100 Years At The Library

The Monmouth County Library is 100 years old this year, and each of the branches has done some pretty spectacular ways of celebrating it. By all means, stop in Eastern Branch in Shrewsbury and see the Dewey Decimal system creative display. Shrewsbury’s former Mayor Don Burden, who is also a former member of the Library Commission, said it’s fantastic and well worth everyone seeing.

Also fascinating was the talk County Commissioner Lillian G. Burry was scheduled to give. Unfortunately, the Commissioner, who has rarely missed anything to do with the Library, was unable to attend, and the Executive Director read her talk. For those not in attendance, here’s a copy of what Commissioner Burry said. She has been the County’s representative on the Library for years and years. Also absent from the festivities was Renee Schwartz, that petite dynamo who headed the Library Commission for 50 years and made such an impression the children’s room at Eastern Branch was named in her honor.
Mrs. Burry, historian, library lover, scholar, and historian, wrote the following, giving all of us who could not attend the ceremony something to think about and learn:
“Every great civilization has had its own unique qualities but one thing they’ve had in common is a recognition of the importance of learning. For the advancement of learning they all sought to acquire knowledge and to give it a home in a library.
Twenty-three hundred years ago, the greatest library in the Classical world was built in Egypt in the city of Alexandria which became the center of culture and learning for the Mediterranean world.
It is reported to have held the writings of all of the greatest minds of Antiquity…Homer, Plato, Aristotle and many more as well as texts from Egypt and many other cultures. It is reported that it met its final end in 391 AD because it was filled with the works of pagan writers and those in power wanted to put an end to pagan culture.
I’m reminded of this because the two ideas that built and destroyed the greatest library of its Age are still with us. One is the desire for knowledge, to possess it and to share it freely and widely. The other is the desire to limit the freedom to experience the words and thoughts of the great thinkers of every age and culture without bias or prejudice or censorship.
As freedom of speech is more than the right to say, “have a nice day,” implicit in that right is the right to be heard or read, as the case may be. Values and beliefs change over time. But the right to express and share them must remain a constant in a truly free society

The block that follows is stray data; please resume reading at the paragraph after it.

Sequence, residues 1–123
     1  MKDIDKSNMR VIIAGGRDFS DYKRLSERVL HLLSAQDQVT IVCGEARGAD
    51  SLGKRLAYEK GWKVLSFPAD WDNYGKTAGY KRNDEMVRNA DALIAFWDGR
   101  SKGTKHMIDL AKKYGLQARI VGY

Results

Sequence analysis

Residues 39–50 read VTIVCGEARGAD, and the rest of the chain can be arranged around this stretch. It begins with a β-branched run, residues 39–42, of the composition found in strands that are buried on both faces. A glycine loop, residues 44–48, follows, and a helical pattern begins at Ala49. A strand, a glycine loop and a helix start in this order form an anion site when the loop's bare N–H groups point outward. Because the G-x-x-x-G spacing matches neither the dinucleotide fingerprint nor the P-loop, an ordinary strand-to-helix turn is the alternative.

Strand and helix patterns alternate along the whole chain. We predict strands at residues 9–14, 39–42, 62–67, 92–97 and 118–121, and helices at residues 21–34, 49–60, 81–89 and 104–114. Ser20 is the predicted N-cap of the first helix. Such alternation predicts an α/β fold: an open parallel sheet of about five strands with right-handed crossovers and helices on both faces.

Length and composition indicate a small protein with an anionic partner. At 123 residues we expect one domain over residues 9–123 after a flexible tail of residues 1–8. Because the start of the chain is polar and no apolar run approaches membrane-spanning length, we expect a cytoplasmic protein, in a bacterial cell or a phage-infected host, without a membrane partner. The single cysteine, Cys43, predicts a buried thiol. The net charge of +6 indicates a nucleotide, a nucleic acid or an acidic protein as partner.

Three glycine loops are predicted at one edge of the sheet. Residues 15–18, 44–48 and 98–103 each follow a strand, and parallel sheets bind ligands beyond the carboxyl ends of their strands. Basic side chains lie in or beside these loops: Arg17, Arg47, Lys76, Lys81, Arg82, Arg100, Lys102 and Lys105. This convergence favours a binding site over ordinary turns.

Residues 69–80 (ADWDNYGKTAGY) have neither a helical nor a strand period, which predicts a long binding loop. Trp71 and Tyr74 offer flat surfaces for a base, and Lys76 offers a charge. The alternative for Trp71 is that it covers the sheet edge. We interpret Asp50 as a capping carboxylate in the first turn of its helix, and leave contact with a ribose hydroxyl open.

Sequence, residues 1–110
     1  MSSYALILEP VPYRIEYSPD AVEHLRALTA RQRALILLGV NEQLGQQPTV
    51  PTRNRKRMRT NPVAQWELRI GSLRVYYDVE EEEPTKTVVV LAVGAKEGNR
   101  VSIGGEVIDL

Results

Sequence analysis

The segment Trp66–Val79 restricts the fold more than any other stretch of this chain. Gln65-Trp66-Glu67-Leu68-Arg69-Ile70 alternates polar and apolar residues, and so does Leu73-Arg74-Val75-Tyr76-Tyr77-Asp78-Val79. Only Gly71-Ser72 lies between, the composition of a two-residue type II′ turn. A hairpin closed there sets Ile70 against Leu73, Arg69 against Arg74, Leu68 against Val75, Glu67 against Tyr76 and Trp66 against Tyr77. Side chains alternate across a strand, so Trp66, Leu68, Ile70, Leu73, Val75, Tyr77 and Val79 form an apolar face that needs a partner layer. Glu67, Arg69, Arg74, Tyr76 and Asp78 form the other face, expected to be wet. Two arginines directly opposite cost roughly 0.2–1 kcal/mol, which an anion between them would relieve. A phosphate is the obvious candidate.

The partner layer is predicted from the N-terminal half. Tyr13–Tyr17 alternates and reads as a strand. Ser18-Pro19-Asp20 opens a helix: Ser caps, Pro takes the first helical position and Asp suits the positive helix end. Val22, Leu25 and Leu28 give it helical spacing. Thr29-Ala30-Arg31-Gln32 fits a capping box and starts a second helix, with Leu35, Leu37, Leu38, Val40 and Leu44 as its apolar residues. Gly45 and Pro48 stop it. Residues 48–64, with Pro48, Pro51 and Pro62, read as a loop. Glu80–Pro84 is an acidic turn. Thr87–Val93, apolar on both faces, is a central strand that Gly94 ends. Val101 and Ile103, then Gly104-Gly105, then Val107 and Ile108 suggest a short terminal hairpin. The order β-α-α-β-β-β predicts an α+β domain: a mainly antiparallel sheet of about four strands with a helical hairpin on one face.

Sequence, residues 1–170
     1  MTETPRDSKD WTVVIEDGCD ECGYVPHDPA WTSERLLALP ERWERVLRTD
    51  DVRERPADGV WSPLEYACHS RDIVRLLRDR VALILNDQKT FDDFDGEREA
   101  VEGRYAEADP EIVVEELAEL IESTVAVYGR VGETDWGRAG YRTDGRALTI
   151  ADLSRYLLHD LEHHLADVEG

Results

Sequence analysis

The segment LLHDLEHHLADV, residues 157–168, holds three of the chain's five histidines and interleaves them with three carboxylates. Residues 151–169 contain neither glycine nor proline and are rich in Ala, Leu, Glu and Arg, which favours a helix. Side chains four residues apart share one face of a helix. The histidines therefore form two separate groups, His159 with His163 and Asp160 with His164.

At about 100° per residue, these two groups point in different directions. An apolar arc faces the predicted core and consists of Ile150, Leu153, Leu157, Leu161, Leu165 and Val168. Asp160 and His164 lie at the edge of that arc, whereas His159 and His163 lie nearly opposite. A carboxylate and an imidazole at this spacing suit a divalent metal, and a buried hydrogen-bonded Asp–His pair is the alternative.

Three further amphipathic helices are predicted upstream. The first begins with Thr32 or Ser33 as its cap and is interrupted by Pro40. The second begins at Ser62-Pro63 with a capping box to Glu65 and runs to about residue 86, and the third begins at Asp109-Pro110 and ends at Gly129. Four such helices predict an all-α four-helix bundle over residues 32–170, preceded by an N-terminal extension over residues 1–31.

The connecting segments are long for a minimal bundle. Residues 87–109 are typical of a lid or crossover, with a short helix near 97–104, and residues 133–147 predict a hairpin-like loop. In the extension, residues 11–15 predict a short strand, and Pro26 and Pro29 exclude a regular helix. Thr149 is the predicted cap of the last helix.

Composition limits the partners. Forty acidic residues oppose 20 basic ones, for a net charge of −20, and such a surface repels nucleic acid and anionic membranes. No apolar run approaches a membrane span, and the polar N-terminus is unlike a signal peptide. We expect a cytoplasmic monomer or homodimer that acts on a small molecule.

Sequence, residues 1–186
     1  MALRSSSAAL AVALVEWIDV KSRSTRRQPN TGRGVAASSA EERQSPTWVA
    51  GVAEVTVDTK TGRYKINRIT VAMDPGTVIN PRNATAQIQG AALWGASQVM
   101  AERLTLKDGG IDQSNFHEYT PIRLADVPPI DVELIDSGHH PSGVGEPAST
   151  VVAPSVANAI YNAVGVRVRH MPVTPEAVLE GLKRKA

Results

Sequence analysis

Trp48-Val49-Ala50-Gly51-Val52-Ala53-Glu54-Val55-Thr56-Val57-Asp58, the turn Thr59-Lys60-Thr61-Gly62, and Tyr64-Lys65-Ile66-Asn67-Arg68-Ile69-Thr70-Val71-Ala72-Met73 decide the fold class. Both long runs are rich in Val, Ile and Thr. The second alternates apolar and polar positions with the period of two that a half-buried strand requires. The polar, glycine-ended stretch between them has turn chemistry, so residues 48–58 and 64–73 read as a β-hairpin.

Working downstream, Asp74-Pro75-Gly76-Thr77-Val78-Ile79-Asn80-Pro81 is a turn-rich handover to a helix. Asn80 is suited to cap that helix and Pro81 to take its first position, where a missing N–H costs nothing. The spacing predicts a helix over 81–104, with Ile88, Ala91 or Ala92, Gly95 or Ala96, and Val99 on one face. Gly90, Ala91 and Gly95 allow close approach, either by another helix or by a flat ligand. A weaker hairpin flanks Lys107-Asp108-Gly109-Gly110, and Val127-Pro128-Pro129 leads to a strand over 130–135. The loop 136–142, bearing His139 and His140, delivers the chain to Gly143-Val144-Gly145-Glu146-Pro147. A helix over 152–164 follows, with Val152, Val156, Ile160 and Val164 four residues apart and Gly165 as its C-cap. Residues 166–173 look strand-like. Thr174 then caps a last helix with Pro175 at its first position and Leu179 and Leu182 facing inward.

This is why we build libraries that are ‘free’ and ‘public’ so that everyone can come together and share in the vast diversity of thought and expression that is available to us now.
For a hundred years, we have been pursuing these values here in Monmouth County and it is my greatest hope that this pursuit will continue for many hundreds of years after all of us are gone.
And now allow me to go back in recent time and recognize several personalities that assisted us in the Library’s growth over the years. Some of the early directors included Livingston,– who brought jazz to Monmouth County, Ken Sheinbaum, and our current director, Judi Tolchin – who survived the pandemic.
Some of the early chairs of the Board of Directors include the outstanding Renee Schwartz, whom I have credited with taking us from the bookmobile stops to 13 branches and one of the largest circulating libraries in the state.
Others that stood at her side:
Don Burden “Mr. Shrewsbury” himself and even more recent and current board members Nancy Grbelja and her outstanding leadership, Frank Wells, always Mr. Dependable, Grace Abernof and her large measure of common sense, Freeholder Ted Narozanick, who always kept the library in the hearts and minds of all, Peter Doyle with his devotion to Atlantic Highlands resulted in Atlantic Highlands becoming a branch, Donald Burry, who has libraries in his DNA and became part of a group of Colts Neck individuals who built the Colts Neck Library with local donations.
There are more to whom we are all grateful, including Heidi Amici; Muriel Smith who wrote wonderful articles regarding the library, Brian Boms, the current chair, and ably assisted by Barbara McMorrow, not a new arrival to Monmouth County Library.
I hope I didn’t leave anyone out.


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